Republicans claim Democrats who back Medicare for All want to take away your health care

The same people who pushing Obamacare repeal now say that universal health care would "kick Americans off their health coverage."

An ad for Rep. Dave Brat (R-VA) claims his Democratic opponent would "bankrupt Medicare."
An ad for Rep. Dave Brat (R-VA) claims his Democratic opponent would "bankrupt Medicare." CREDIT: screenshot

Faced with tough November races, several Republicans who supported GOP-led proposals to roll back Americans’ health coverage are now attacking their Democratic opponents for supposedly threatening Americans’ health care access by supporting a “Medicare for all” system — which would extend the existing Medicare program’s protections to cover everyone.

Republican Reps. Andy Barr (KY-6), Dave Brat (VA-7), and Kevin Yoder (KS-3) all voted for the Trumpcare proposal to strip a projected 23 million Americans of their health insurance. House GOP nominee Jay Webber (NJ-11) has backed the everyone-for-themselves approach to leave health care to the free market.

Each released a campaign spot in recent days making the same general dishonest claims, suggesting that Medicare expansion would destroy Medicare as we know it and rob millions of their health coverage by providing them with coverage.

Barr went first. Last Monday, he launched a 30-second ad attacking Democratic nominee Amy McGrath — who supports universal health care and once indicated that “if we were to build a health care system from scratch, single-payer would be the way to go” — for her “SOCIALIST Plan.”

The narrator warns that this “government-run healthcare” idea in fact “eliminates private plans, costs $32 trillion, doubles your federal taxes, and ends Medicare as we know it.” According to this logic, by giving everyone a membership to their local zoo, McGrath would be ending zoos as we know them.


On Friday, Yoder dropped a similar broadside on Democratic nominee Sharice Davids, calling her “too radical for Kansas” for supporting H.R. 676, the Expanded & Improved Medicare for All Act.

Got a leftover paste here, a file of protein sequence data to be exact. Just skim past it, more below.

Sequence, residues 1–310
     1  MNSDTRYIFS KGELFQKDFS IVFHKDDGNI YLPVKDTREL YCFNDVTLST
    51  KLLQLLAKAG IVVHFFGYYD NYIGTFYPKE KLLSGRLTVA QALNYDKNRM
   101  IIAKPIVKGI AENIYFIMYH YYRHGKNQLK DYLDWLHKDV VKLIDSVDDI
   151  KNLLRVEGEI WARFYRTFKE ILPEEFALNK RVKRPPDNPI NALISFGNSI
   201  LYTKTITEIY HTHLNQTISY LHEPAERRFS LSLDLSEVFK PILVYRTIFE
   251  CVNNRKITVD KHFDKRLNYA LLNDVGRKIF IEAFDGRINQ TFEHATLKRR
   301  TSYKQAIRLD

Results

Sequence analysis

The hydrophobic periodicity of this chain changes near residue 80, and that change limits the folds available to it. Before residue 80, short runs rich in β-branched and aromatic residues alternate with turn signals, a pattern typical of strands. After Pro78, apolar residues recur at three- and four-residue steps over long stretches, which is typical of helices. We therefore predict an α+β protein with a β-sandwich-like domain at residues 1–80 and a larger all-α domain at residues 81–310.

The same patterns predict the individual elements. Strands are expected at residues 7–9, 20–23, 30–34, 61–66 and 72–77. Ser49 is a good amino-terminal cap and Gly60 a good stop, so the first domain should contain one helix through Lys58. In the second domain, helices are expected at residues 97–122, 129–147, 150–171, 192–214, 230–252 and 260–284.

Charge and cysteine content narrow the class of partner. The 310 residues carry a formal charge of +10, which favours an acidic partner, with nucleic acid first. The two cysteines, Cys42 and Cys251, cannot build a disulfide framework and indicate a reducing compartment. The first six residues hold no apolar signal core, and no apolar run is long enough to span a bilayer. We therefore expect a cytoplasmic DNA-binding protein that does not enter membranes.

“She’s so extreme, she wants to abolish all private employer-provided insurance,” the narrator warns, by backing a bill that “makes private insurance illegal, kicking 178 million Americans off their coverage.”

Yoder too claims that Davids’ position on health care amounts to “ending Medicare as we know it.” Under his odd thinking, Medicare is a stellar program as we know it that should not be ended, but giving more people access to it would amount to taking away their insurance.

Also on Friday, state Assemblyman and former New Jersey state Republican chairman Jay Webber — the GOP nominee for retiring Rep. Rodney Frelinghuysen’s open seat — dropped a similar hit on his opponent. Her crime? Merely expressing interest in the idea of universal Medicare.


Pictured with his father, Webber cautions voters that “Democrat Mikie Sherrill is interested in Medicare for All, a dangerous socialized medicine scheme.” His dad pipes in to add that “that would end Medicare as we know it.” Webber vows instead to “strengthen and protect Medicare,” because “that’s the care our parents and grandparents deserve.” Apparently only if they are 65 years or older.

On Monday, Dave Brat attacked his Democratic opponent, Abigal Spanberger, for endorsing universal coverage through a “public option” through Medicare. This idea, which would merely add an additional Medicare-X choice to the existing health care exchanges, was distasteful enough to Brat to earn his prediction that it would “bankrupt Medicare as we know it” and “double our taxes.”

Ironically, it was Brat who in 2014 called for “major cuts” to Medicare and Social Security and for actually raising the eligiblity ages.

Barr and Yoder were among more than a dozen vulnerable Republican House incumbents who scrubbed their campaign issue pages of any mention of their desire to “repeal and replace” Obamacare.